Requiem for the Home Front
A Cheer for Irma the Caricaturist
By Tom Engelhardt
Almost three quarters of a century ago, my mother placed a message in a bottle and tossed it out beyond the waves. It bobbed along through tides, storms, and squalls until just recently, almost four decades after her death, it washed ashore at my feet. I'm speaking metaphorically, of course. Still, what happened, even stripped of the metaphors, does astonish me. So here, on the day after my 71st birthday, is a little story about a bottle, a message, time, war (American-style), my mom, and me.
Recently, based on a Google search, a woman emailed me at the website I run, TomDispatch, about a 1942 sketch by Irma Selz that she had purchased at an estate sale in Seattle. Did it, she wanted to know, have any value?
Now, Irma Selz was my mother and I answered that, to the best of my knowledge, the drawing she had purchased didn't have much monetary value, but that in her moment in New York City -- we're talking the 1940s -- my mom was a figure. She was known in the gossip columns of the time as "New York's girl caricaturist." Professionally, she kept her maiden name, Selz, not the most common gesture in that long-gone era and a world of cartoonists and illustrators that was stunningly male.
From the 1930s through the 1940s, she drew theatrical caricatures for just about every paper in town: the Herald Tribune, the New York Times, the Journal-American,PM, the Daily News, the Brooklyn Eagle, not to speak of King Features Syndicate. She did regular "profile" illustrations for the New Yorker and her work appeared in magazines like Cue, Glamour, Town & Country, and the American Mercury. In the 1950s, she drew political caricatures for the New York Post when it was a liberal rag, not a Murdoch-owned right-wing one.
Faces were her thing; in truth, her obsession. By the time I made it to the breakfast table most mornings, she would have taken pencil or pen to the photos of newsmakers on the front page of the New York Times and retouched the faces. In restaurants, other diners would remind her of stock characters -- butlers, maids, vamps, detectives -- in the Broadway plays she had once drawn professionally. Extracting a pen from her purse, she would promptly begin sketching those faces on the tablecloth (and in those days, restaurants you took kids to didn't have paper tablecloths and plenty of crayons). I remember this, of course, not for the remarkable mini-caricatures that resulted, but for the embarrassment it caused the young Tom Engelhardt. Today, I would give my right arm to possess those sketches-on-cloth. In her old age, walking on the beach, my mother would pick up stones, see in their discolorations and indentations the same set of faces, and ink them in, leaving me all these years later with boxes of fading stone butlers.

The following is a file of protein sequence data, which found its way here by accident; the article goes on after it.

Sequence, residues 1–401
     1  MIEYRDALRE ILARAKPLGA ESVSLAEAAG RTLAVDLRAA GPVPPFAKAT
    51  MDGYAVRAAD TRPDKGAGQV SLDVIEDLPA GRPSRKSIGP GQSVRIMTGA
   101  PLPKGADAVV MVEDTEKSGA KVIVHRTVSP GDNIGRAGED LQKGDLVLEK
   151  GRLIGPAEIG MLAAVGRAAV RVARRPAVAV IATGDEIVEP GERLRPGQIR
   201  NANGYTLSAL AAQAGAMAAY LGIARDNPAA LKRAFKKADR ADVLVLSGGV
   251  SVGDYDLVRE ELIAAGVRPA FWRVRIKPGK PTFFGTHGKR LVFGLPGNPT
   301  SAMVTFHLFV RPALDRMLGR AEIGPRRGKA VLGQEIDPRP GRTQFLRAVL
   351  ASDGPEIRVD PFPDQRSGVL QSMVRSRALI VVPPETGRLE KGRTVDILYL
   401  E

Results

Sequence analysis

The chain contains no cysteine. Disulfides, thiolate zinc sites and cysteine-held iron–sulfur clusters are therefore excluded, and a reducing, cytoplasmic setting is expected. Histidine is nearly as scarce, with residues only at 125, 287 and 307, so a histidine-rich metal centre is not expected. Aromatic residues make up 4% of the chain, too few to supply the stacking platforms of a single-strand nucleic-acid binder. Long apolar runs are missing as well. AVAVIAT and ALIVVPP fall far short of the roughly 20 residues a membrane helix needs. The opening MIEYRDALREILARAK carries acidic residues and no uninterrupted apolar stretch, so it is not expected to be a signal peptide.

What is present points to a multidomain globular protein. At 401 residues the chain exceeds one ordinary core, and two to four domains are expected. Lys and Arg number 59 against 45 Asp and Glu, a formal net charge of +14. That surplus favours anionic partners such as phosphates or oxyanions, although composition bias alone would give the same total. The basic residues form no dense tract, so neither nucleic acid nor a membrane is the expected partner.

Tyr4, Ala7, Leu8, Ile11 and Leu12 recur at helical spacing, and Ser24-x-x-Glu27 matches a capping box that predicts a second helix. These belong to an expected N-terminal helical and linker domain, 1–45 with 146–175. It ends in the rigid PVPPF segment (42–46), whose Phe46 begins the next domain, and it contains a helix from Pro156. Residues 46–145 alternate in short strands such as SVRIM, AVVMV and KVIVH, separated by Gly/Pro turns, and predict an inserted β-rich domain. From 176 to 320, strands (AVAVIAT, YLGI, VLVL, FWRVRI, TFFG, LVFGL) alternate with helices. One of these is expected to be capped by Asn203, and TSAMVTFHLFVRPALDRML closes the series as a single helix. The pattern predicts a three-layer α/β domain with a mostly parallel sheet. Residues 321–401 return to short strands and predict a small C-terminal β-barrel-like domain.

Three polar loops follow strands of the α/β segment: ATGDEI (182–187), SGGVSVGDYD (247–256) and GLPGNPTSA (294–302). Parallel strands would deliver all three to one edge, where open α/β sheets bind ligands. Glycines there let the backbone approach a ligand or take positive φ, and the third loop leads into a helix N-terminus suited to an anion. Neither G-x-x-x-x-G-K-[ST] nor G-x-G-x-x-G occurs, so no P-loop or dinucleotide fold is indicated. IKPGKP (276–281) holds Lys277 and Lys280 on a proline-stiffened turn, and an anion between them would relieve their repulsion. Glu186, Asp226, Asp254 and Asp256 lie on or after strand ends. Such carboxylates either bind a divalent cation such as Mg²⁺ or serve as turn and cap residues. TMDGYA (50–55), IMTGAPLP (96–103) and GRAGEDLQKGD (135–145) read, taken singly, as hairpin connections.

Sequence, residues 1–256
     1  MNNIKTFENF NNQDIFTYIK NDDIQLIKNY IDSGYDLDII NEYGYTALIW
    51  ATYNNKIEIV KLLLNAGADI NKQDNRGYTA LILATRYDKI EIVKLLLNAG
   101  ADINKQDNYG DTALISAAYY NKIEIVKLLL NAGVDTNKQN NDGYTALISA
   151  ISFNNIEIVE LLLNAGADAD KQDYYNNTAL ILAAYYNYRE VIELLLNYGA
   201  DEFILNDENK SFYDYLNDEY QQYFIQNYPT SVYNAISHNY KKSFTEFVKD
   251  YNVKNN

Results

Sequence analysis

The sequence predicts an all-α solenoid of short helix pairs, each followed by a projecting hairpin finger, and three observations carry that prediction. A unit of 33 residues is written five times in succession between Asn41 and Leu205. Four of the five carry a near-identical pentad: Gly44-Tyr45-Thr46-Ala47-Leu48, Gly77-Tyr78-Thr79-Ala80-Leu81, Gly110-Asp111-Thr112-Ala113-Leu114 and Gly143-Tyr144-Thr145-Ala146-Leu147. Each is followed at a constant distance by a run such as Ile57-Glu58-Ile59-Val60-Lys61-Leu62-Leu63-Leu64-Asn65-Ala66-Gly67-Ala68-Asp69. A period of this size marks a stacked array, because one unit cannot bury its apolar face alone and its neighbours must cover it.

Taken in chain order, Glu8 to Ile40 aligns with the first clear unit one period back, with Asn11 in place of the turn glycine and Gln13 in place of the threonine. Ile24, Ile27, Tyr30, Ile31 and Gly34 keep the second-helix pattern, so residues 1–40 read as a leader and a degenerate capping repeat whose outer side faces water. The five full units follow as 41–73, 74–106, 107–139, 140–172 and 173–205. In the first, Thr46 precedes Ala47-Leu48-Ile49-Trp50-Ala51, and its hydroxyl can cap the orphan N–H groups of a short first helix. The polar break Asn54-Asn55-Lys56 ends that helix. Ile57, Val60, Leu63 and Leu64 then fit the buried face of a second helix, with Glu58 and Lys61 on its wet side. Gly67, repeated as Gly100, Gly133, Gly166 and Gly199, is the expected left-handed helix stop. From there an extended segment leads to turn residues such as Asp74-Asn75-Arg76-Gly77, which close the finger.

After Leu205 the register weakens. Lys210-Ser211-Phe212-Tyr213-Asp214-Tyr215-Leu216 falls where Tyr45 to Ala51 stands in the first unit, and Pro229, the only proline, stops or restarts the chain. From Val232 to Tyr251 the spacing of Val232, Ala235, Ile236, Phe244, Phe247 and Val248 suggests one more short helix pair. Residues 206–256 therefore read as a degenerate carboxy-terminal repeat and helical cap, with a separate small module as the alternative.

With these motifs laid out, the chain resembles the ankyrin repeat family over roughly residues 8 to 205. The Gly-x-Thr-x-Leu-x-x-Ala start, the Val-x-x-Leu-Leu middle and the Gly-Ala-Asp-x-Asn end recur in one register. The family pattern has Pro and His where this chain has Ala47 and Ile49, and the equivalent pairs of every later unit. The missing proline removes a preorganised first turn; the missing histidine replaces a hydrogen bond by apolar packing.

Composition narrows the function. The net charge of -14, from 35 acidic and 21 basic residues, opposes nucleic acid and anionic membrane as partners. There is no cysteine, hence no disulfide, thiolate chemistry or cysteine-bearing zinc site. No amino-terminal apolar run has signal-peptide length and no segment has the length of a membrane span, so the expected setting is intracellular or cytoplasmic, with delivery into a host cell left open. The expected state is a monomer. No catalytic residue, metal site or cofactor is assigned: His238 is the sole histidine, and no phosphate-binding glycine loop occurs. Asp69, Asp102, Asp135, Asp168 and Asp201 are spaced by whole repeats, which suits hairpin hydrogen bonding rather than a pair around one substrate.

She lived in a hard-drinking, hard-smoking world of cartoonists, publicists, journalists, and theatrical types (which is why when "Mad Men" first appeared on TV and no character ever seemed to lack a drink or cigarette, it felt so familiar to me). I can still remember the parties at our house, the liquor consumed, and at perhaps the age of seven or eight, having Irwin Hasen, the creator of Dondi, a now-largely-forgotten comic strip about a World War II-era Italian orphan, sit by my bedside just before lights-out. There, he drew his character for me on tracing paper, while a party revved up downstairs. This was just the way life was for me. It was, as far as I knew, how everyone grew up. And so my mother's occupation and her preoccupations weren't something I spent much time thinking about.
I would arrive home, schoolbag in hand, and find her at her easel -- where else did mothers stay? -- sketching under the skylight that was a unique attribute of the New York apartment we rented all those years. As a result, to my eternal regret I doubt that, even as an adult, I ever asked her anything about her world or how she got there, or why she left her birth city of Chicago and came to New York, or what drove her, or how she ever became who and what she was. As I'm afraid is often true with parents, it's only after their deaths, only after the answers are long gone, that the questions begin to pile up.